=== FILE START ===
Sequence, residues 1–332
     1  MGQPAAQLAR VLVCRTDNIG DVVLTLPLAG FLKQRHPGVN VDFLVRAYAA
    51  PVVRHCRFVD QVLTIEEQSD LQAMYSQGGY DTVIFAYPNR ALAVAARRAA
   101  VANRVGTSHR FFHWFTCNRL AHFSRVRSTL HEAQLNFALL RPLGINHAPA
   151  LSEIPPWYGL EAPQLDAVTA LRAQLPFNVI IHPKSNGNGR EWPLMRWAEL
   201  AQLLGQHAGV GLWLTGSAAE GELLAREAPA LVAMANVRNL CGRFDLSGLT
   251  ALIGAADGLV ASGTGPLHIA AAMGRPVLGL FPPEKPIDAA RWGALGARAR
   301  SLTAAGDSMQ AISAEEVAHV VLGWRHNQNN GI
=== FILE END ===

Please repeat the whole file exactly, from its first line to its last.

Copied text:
Sequence, residues 1–332
     1  MGQPAAQLAR VLVCRTDNIG DVVLTLPLAG FLKQRHPGVN VDFLVRAYAA
    51  PVVRHCRFVD QVLTIEEQSD LQAMYSQGGY DTVIFAYPNR ALAVAARRAA
   101  VANRVGTSHR FFHWFTCNRL AHFSRVRSTL HEAQLNFALL RPLGINHAPA
   151  LSEIPPWYGL EAPQLDAVTA LRAQLPFNVI IHPKSNGNGR EWPLMRWAEL
   201  AQLLGQHAGV GLWLTGSAAE GELLAREAPA LVAMANVRNL CGRFDLSGLT
   251  ALIGAADGLV ASGTGPLHIA AAMGRPVLGL FPPEKPIDAA RWGALGARAR
   301  SLTAAGDSMQ AISAEEVAHV VLGWRHNQNN GI